People are quite open and yet at the same time protective of business ideas they have.

On one level they want to share how good these ideas are with other people generally. This is to validate that they have genuine value and appeal and also to work through the practical issues in implementing them.

They also however also are quite protective of them in trying to ensure that they retain the benefit of originality for such ideas.

The balancing act between the two is problematic. It requires careful consultation with an experienced commercial lawyer who also understands intellectual property. 

It is not uncommon for us to have people call us to see what we can do to prevent or stop others who they claim have copied or stolen their business ideas.

Our response depends on a number of factors.

The commonality of ideas generally is such that sometimes coincidence occurs.

Or else the idea already exists and the person claiming it just wasn’t aware of its existence.

In these cases it is difficult to provide legal help of usefulness.

However there are legally enforceable ways of protecting business ideas;

These can range from;

  1. acknowledging your copyright of documents created
  2. lodging a trade mark for an important brand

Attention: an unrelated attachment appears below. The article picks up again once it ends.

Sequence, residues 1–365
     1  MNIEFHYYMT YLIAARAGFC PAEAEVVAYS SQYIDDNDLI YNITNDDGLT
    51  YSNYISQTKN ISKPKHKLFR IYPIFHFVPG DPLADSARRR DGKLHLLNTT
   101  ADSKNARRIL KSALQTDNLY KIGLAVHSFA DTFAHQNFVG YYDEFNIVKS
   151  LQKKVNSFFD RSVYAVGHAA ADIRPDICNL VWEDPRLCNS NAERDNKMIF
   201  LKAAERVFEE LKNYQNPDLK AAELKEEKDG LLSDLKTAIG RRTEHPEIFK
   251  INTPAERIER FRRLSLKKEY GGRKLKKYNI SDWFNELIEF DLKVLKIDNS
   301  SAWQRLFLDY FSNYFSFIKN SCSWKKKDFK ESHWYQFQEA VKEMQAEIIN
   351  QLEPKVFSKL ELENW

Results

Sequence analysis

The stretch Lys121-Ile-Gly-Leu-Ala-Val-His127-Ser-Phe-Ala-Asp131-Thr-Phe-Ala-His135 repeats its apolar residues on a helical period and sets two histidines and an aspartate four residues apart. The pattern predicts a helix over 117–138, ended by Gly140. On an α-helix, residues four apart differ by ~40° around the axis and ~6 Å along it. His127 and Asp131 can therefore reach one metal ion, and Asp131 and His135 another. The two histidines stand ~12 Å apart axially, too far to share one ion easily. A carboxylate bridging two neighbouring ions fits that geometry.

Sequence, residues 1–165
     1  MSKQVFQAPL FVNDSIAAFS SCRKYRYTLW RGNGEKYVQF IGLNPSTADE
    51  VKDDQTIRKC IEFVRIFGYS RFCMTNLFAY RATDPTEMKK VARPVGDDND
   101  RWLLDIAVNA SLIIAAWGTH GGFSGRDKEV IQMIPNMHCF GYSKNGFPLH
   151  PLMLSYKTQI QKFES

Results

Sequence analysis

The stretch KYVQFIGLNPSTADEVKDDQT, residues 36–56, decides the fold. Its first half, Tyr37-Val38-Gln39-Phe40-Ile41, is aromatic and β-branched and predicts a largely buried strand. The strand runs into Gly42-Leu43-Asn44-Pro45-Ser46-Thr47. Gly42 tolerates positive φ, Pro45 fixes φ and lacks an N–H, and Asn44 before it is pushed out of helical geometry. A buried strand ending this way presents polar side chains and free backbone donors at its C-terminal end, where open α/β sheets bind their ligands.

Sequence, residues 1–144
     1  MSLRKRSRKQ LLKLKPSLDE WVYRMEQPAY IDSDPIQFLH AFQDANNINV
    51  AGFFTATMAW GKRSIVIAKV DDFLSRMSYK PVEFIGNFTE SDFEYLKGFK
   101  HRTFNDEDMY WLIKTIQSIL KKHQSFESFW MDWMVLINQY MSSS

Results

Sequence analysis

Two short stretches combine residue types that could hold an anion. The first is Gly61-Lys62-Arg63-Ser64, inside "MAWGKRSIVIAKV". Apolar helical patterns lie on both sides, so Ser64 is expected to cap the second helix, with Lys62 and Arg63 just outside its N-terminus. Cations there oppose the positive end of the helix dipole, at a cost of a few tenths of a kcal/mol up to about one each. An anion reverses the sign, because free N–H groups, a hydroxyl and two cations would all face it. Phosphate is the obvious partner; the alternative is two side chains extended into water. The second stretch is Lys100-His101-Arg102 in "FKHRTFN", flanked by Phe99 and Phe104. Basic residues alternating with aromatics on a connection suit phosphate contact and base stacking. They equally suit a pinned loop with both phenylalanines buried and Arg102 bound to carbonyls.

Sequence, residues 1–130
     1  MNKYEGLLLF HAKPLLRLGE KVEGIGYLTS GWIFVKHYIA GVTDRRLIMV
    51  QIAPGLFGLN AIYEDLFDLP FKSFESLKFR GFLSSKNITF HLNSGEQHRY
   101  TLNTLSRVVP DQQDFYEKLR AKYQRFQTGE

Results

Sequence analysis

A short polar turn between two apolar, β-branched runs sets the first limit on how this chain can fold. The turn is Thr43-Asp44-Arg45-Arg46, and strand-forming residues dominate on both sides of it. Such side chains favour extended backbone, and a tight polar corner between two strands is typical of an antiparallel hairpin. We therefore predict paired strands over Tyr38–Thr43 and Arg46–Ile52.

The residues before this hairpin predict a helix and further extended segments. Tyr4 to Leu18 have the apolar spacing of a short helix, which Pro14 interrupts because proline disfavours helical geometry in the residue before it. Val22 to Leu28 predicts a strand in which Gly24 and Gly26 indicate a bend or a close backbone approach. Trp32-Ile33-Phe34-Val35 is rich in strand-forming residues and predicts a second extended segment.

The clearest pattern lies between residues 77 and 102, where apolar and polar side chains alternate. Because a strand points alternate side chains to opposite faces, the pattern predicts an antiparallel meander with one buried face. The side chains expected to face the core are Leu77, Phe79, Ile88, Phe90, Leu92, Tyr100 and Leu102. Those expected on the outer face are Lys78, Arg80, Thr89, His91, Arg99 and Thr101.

3. registering a patent before making your invention public
  4. using confidentiality deeds or NDA (non-disclosure agreements) when discussing ideas with third parties
  5. marking confidential information as confidential or secret

and other ways depending on what the idea is.




Here is a useful link to the Australian bizgov website that talks about protecting ideas

Click here

I have also previously written an article previously on trade marks that you may find useful

Click here

You can also call us on 9528 0235.

Or you can come and see us at a convenient location at either our Crows Nest office on Sydney’s lower North Shore or at Jannali in the Sutherland Shire.

Paul Ippolito is Principal of Ippolito Lawyers. He is an experienced commercial lawyer who enjoys working with business owners, startups and established ones alike. Paul lectures and has for nearly a decade in commercial and corporate law at The College Of Law. He has a special interest in businesses in the creative sector especially the arts, media and entertainment field. Paul Ippolito has also recently completed a course in Intellectual Property Law and Policy at the University of Pennsylvania through its Edx program.

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